“After college faculty overwhelmingly rejected Council’s latest contract offer, we hoped real negotiations would ensue,” stated JP Hornick, chair of the OPSEU college faculty bargaining team.
“But in a joint meeting this afternoon with the Premier and Advanced Education Minister Deb Matthews, it became clear that, of the three parties in the room, only two were concerned with saving the semester for hundreds of thousands of students. One of those parties, the College Employer Council, refused to accept that their approach to bargaining had failed, and refused to do anything to get our students back to class.”
In voting this week, 86 per cent of faculty voted to reject Council’s November 6 offer. Ninety-five per cent of the 12,841 people on the voters’ list voted.
In talks late Thursday afternoon, Hornick said, Council refused to remove the “poison pills” in its offer and made no move toward a settlement – even when faculty offered to send a key item, academic freedom, to arbitration.
“When our team made a last-ditch effort to get students back in class on Monday, the colleges dug in even further,” stated OPSEU President Warren (Smokey) Thomas.
“If there is going to be legislation, it should include measures to disband the College Employer Council altogether. Council is a private club that is accountable to no one. It is a small group of privileged people that asked for 30 to 40 per cent wage increases this year but are more than happy to make work more and more precarious for the frontline faculty who make education happen. Council is a shadowy agency beyond the reach of freedom-of-information and salary disclosure laws, yet it is funded entirely by public dollars and students’ tuition. It exists for no other reason but to enrich its directors, and it should be outlawed.”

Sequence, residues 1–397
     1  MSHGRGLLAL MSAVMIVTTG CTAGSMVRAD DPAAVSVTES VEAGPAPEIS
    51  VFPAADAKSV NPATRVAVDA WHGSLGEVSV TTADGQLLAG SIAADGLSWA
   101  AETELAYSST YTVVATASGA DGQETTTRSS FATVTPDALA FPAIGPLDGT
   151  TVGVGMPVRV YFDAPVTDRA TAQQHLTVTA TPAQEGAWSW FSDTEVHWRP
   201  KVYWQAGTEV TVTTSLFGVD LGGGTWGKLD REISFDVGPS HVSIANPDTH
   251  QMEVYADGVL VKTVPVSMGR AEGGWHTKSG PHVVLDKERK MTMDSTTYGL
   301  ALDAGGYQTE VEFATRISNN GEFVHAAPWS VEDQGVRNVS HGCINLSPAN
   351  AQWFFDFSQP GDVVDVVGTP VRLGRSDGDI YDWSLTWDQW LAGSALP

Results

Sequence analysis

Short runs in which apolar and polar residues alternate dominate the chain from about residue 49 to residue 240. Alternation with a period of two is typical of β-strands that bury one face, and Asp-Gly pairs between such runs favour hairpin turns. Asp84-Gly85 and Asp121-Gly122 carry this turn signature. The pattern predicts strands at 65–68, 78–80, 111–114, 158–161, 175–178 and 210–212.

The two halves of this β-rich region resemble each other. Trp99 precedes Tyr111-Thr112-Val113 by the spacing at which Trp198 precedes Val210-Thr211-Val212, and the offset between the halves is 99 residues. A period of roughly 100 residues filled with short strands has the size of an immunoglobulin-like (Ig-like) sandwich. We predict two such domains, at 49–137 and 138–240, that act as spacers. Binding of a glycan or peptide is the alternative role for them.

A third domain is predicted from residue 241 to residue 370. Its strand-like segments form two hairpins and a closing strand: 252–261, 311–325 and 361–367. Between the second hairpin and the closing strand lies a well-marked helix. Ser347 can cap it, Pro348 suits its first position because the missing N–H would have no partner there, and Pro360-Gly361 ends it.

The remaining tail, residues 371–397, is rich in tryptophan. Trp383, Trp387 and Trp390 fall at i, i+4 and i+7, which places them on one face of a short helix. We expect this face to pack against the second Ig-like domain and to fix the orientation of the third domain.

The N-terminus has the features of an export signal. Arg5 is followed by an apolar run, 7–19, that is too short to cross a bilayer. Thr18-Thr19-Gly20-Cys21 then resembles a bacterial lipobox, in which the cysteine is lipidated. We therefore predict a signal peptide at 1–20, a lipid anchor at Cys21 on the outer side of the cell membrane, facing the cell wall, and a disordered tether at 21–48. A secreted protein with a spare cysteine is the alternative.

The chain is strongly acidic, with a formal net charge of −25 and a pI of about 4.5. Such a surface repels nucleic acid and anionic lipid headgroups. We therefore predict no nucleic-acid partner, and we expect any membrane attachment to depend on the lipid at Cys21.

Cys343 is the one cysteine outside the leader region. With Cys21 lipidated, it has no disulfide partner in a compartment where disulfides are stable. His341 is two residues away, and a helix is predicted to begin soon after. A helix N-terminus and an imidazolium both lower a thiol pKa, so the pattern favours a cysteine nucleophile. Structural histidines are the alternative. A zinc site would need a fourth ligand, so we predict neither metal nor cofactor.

– The annual St. James Anglican Church Christmas Bazar and Luncheon is being held on Friday from 11:30 a.m. to 1 p.m. All are welcome to come out and do a little pre-Christmas shopping at the bazar and then relax and enjoy an $8 lunch, which will include a bowel of soup, sandwich and dessert. The event will be held at the 719 James St. church in Wallaceburg.
– The Chatham Santa Claus Parade starts on Friday night at 6 :30 p.m. The Parade will be staged on Thames Street, travel over the 3rd St. bridge and down King St. to the Wish Centre. Santa will be at the Wish Centre to greet the children.
– The Knights of Pythias are holding their annual Santa Claus Parade in Wallaceburg on Saturday, November 18, at 2 p.m. The route for the parade will stay the same as previous years starting on Arnold Street, down Dufferin and the downtown core, up Nelson and finishing on Elgin. Register beforehand to take part in the float judging.
– The Chatham Phoenix Cheer team is holding a Christmas toy drive for the Children’s Hospital in London. The team will be collecting toys along the route of the Wallaceburg Santa Claus Parade as well.
– Canada Post workers will be collecting ‘Letters To Santa’ during the Wallaceburg Santa Clause Parade, and Chatham-Kent firefighters will also be gathering up non-perishable food donations as well.